A short way down the Thoreau Falls Trail we passed two trail runners and at the same spot ran into Erin Paul Donovan, a photographer and logging camp enthusiast from Lincoln. He had been out bushwhacking, seeking a remote camp site high on the east flank of Mt. Bond. No luck on this, his second try at finding the camp, a needle in a sea of dense forest. Erin gave us a few pointers on things to look for in this area.
The bridge over the East Branch on the Thoreau Falls Trail is supported by the trunks of two huge old white pines. Wonder how long this bridge will last...
A benchmark indicates it was built in 1964.
From the bridge there's a nice view of Bondcliff and its south ridge downstream.
We made our way to a nice riverside spot upstream from the bridge. Carol perched herself on a rock with a good mystery novel while I made a short bushwhack excursion to the top a small gravel slide. At one end I found a view of Mt. Carrigain to the east, beyond a NE spur ridge of Mt. Hancock.
From the other side there was a long view down the valley to Whaleback, Flume and Liberty.
A zoom on Flume and Liberty.
Across the valley a steep northern spur of Hancock loomed large.
I dropped back to the river and found a sittin' rock with a glimpse of Carrigain upstream.
Downstream Carol could be espied on her rock.
We returned to the Thoreau Falls Trail and strolled north about 0.7 mile on another old railroad grade. This area had a real deep woods, almost primeval feel.
Our objective was the weed-filled clearing marking the site of Camp 22 on the East Branch & Lincoln Railroad. This camp was in operation from 1916-1931.
We poked around looking for artifacts, which of course we left in place. (It is illegal to remove artifacts from the National Forest.) At one spot I found an old pot of some sort.
In the woods Carol spotted an interesting piece of ironware. Later research revealed it to be the "harp" base for a railroad signal switch.
Nearby was a moss-grown piece of rail.
Carol also found a small pulley on a wire.
On a tip from Erin, we investigated an old trestle abutment back near the East Branch.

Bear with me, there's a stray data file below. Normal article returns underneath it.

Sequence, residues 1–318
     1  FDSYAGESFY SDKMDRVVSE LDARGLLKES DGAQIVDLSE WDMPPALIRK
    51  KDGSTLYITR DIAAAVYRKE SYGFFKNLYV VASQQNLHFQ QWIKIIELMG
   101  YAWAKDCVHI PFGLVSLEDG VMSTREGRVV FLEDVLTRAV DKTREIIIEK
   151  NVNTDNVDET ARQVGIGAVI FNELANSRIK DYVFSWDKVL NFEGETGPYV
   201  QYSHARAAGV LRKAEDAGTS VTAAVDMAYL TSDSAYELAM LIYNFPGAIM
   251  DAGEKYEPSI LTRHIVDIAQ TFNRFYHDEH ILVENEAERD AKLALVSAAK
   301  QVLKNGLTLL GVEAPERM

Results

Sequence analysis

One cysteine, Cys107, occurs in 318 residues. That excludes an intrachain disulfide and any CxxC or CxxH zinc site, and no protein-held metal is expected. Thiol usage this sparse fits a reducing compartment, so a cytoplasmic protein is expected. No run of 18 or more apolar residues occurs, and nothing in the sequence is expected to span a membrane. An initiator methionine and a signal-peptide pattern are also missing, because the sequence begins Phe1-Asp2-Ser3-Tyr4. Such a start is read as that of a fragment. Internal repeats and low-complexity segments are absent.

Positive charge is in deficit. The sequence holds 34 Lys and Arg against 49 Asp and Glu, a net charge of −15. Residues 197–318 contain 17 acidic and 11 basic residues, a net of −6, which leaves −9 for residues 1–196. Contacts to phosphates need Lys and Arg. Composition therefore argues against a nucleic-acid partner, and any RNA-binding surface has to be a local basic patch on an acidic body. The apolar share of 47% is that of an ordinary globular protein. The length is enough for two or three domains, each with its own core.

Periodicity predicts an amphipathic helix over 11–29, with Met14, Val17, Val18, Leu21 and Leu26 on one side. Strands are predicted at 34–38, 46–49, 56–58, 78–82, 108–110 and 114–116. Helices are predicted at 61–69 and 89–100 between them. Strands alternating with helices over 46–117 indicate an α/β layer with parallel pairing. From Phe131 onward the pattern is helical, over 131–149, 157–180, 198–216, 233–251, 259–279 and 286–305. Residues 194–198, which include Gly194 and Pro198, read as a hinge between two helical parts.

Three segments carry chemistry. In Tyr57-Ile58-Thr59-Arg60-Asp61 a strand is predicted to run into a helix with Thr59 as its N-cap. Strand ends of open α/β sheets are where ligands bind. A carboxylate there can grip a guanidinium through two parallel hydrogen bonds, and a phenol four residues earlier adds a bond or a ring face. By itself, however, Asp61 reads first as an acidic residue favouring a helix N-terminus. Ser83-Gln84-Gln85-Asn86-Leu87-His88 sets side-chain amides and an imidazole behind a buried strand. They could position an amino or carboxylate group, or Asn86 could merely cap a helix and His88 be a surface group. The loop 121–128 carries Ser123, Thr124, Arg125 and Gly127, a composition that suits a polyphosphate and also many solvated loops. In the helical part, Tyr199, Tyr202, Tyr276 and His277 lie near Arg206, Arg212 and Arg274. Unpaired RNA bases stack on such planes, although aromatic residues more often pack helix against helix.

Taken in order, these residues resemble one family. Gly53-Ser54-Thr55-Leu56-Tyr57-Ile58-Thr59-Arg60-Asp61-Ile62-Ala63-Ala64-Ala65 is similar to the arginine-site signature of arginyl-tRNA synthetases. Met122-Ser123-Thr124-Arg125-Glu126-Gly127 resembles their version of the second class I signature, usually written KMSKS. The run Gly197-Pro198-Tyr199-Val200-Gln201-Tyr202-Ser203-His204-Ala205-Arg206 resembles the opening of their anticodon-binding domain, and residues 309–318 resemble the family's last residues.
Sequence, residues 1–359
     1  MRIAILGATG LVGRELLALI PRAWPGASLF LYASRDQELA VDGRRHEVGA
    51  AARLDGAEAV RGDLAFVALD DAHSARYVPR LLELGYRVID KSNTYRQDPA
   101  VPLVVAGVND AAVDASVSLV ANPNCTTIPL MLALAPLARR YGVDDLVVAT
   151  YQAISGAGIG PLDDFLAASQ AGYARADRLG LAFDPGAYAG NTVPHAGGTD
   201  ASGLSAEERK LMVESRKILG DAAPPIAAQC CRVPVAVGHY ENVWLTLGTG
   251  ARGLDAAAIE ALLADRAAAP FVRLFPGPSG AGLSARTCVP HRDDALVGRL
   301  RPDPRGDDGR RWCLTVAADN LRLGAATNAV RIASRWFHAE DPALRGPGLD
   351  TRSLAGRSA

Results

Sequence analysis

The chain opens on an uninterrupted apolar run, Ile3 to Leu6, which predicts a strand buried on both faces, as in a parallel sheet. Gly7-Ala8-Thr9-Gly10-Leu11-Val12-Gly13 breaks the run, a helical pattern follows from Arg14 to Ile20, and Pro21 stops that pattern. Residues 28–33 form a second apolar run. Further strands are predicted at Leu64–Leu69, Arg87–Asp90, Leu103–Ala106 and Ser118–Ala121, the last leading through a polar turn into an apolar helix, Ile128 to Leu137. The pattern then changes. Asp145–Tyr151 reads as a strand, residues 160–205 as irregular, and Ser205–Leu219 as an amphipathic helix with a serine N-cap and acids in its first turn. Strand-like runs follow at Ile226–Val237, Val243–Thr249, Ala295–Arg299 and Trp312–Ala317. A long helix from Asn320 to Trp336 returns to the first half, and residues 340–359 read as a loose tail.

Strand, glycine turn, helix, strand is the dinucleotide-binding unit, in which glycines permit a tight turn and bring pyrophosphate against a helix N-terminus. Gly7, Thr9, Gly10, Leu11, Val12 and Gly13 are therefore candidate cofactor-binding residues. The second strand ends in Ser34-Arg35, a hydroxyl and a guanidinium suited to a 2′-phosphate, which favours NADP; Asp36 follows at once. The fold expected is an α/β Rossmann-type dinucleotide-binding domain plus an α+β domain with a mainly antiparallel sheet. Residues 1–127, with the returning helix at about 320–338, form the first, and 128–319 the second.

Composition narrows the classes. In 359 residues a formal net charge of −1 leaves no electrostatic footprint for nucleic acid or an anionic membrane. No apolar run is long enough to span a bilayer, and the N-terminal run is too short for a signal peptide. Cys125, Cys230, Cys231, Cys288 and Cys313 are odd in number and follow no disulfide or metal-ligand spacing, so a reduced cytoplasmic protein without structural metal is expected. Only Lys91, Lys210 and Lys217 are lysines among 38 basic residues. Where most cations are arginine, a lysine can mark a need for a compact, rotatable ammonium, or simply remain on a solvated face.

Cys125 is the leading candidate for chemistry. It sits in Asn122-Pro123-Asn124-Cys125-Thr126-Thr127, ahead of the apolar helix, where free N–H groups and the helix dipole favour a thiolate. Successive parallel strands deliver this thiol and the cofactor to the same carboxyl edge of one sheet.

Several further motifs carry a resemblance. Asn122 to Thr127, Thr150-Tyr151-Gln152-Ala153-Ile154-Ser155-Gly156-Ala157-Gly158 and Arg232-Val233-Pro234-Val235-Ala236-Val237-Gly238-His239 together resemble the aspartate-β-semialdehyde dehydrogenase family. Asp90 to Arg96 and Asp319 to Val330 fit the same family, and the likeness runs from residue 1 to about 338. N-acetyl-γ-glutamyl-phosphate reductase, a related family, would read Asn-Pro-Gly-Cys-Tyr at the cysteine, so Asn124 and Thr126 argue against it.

Erin also told us about this unusually large cylinder below the trail near the site of Camp 17, just east of the Swinging Bridge.
We took what might be a farewell walk across the bridge, which most likely will be removed by the Forest Service this fall or winter.
From the bridge you look down on the abutments of the old #17 trestle for the railroad.
The view upstream from the bridge.
We headed west on the Wilderness Trail to the last remaining trestle from the EB & L. The trail once ran across the top of this now-decaying historic structure.
A short distance farther we came to Camp 16 by the Bondcliff Trail junction. This camp was in use for many years and is still a fairly large opening in the forest.
Several sled runners were "on display" along the edge of the trail.
This "what's it" metal piece was seen in the woods.
After the long, familiar 1.8 miles from Bondcliff along the tie-ridden Wilderness Trail, we reached the new bridge over Franconia Brook. Here we saw our first fellow hikers since back on the Thoreau Falls Trail. During a 15-mile walk in the "overcrowded" Pemi, on a gorgeous midsummer day (albeit midweek), we saw a total of 7 other people, and only 3 in the Wilderness itself. Off the peakbagging routes, there is a chance for solitude.
At the Camp 7 site by the Black Pond Trail junction, a bedframe was on display.
A mile farther on the Lincoln Woods Trail we paused briefly at the river's edge to admire Bondcliff upstream.
The crossing of the Lincoln Woods suspension bridge marked the end of a long, great day in the Pemi.